Islamorada is one of the northernmost Florida Keys. It comes right after Key Largo, and Tavernier. Most of my adventures in the keys have involved either Key Largo or Key West with barely a passing notice to the islands in between. As this was my first real visit to Islamorada, I decided to do it right and spend some time staying and exploring. I spent about two weeks exploring on the internet first and had a pretty good idea of what I wanted to see. My first stop was Marker 88 for lunch.
This was my first visit to Marker 88 and as the name implies, it's right at mile marker 88. Key West starts the whole mile marker thing with mile 0 and addresses along US-1 are based on the mile markers all the way up thru the Keys. This visit almost didn't happen as the sign literally jumped out at me and the entrance turn-in was about a foot and a half long. Even with a two second peek in the rear view mirror I knew it was a place I wanted to see so a U-turn was in order. Not something for the faint of heart on US-1 in the Keys.
Our meal started off with the most pleasant server I've met in a long time and a menu that had some unusual items. Something different is always my first choice so I had a Cuban Sandwich with Thai Green Beans. If you have a taste for something new and spicy, get the green beans. My travel companion on this trip had the Tuna Steak served burger style with a chutney topping and sweet potato fries. Everything was done to perfection and served with a smile.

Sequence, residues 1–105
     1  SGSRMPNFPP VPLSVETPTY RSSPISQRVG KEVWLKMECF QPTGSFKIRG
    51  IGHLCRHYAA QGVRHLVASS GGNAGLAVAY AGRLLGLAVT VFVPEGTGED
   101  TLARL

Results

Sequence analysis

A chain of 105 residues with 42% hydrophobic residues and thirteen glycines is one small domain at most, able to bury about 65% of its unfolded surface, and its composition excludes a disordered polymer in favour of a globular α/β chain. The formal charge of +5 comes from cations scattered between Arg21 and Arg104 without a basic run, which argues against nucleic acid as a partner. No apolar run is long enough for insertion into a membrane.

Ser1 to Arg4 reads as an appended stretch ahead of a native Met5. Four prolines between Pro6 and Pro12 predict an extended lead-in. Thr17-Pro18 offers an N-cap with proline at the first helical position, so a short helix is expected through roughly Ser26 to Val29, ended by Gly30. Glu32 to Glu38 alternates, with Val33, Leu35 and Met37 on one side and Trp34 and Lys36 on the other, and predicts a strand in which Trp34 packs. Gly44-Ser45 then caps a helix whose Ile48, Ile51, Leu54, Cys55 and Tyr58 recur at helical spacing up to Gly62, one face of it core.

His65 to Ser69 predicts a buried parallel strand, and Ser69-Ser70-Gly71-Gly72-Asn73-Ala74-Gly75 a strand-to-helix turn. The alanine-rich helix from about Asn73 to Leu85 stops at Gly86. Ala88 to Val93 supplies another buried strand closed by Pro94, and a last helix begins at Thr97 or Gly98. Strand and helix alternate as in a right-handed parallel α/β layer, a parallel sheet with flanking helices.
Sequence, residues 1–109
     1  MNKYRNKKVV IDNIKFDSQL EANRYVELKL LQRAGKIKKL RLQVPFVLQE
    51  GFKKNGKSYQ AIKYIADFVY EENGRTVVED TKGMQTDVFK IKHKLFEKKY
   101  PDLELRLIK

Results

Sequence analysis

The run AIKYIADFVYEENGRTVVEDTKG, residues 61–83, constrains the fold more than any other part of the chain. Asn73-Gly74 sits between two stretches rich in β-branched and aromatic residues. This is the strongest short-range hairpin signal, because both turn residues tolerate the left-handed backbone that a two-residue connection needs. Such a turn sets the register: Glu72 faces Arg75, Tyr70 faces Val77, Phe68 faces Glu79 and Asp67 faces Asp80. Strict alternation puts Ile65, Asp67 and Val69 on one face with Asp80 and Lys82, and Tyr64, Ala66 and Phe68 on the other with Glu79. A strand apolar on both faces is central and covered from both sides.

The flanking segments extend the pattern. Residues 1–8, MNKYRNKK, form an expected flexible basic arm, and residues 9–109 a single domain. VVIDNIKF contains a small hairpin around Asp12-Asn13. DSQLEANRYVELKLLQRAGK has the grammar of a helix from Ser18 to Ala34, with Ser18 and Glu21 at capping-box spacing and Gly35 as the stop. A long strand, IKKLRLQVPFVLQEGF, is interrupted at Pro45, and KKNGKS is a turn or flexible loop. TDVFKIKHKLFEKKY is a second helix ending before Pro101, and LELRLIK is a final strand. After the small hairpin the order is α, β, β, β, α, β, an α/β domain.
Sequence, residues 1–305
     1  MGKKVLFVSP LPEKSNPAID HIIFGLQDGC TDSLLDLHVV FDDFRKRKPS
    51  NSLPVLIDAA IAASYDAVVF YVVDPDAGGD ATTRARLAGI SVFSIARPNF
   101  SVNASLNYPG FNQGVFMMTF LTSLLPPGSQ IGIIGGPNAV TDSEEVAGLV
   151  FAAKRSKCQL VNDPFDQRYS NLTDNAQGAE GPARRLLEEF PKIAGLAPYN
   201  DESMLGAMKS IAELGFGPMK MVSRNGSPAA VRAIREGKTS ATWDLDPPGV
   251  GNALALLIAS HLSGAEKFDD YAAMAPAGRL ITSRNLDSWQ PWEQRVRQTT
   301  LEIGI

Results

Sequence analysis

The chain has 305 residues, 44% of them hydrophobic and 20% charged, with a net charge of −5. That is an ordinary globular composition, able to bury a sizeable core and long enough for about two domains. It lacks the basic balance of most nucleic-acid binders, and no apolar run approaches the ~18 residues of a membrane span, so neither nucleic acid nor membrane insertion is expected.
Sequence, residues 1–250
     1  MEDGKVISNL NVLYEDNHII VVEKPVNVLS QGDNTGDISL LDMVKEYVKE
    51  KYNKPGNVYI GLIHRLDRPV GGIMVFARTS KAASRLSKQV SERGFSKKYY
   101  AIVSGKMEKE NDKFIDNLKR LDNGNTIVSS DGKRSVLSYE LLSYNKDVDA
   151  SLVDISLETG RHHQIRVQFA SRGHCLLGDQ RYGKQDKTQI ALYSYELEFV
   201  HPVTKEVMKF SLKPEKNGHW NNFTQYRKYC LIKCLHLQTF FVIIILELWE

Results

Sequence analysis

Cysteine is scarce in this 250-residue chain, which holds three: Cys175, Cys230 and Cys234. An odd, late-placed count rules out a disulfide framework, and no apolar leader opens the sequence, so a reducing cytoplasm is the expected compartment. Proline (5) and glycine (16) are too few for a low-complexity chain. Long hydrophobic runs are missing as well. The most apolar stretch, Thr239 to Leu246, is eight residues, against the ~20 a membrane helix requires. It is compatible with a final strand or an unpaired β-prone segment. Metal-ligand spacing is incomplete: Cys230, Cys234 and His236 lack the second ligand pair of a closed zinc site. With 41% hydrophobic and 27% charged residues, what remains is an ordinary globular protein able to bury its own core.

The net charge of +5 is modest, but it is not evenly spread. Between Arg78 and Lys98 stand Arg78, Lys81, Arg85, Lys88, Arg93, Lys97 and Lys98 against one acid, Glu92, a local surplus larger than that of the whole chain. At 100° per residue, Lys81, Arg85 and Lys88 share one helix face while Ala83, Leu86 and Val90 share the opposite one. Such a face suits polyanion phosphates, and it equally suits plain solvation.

The restaurant is actually a giant patio right on the water. There are a few shade covered seats which we were lucky enough to get and an indoor section for those that don't find blazing heat appetizing. We hated to leave but we had more to see so we broke away from our pleasant conversation with our server and moved on. Little did we know this entire long weekend was going to be a string of pleasant conversations with strangers.
Our next stop was just a mile marker down the road. The Rain Barrel - A Village of Artists. You can't miss it. There is a lobster sculpture the size of a bus right out front. We stopped to take a picture and found the most amazing collection of artists just behind the lobster.
The first gallery we entered was Emerald Bay Trading Company. The gallery was the size of a walk-in closet yet filled with items from all over the world. We asked the simple question of how did this all get here and wound up with a half hour conversation on the subject. Donna Davis, the proprietor, was mainly a basket weaver and her medium of choice - Pine Needles. Her work is intricate and extraordinary and her collection of world wide items is a passion. The Rain Barrel is a cluster of little houses and buildings with a winding, shady walkway connecting them. Heading to the back we found the pottery shop. The pottery is all made onsite in a workshop in the back. We got a little history of the shop and information about the area from the owner as we watched her create a made to order piece right in front of us.
We skipped a few stores on the way to the pottery shop but one was a must see on the way back. The SeaSide GlassWorks owned by Stephanie Martin was one that needed a much closer look. The glass work was like nothing I've ever seen before in both intricacy and bursts of color. This seemed to be the day for an education and Stephanie was perfectly willing to share all her secrets in making her mystical glass creations. Obviously knowing the secrets is not enough to actually producing the art just as viewing her web site is no substitute for seeing her larger pieces in person.
It was only our first few hours in Islamorada. We felt like everyone was an ambassador for the island and we were very special guests. Not a typical day in South Florida but just another day in the Keys from what we learned. There is a lot more to this story so check back for the next chapter coming soon.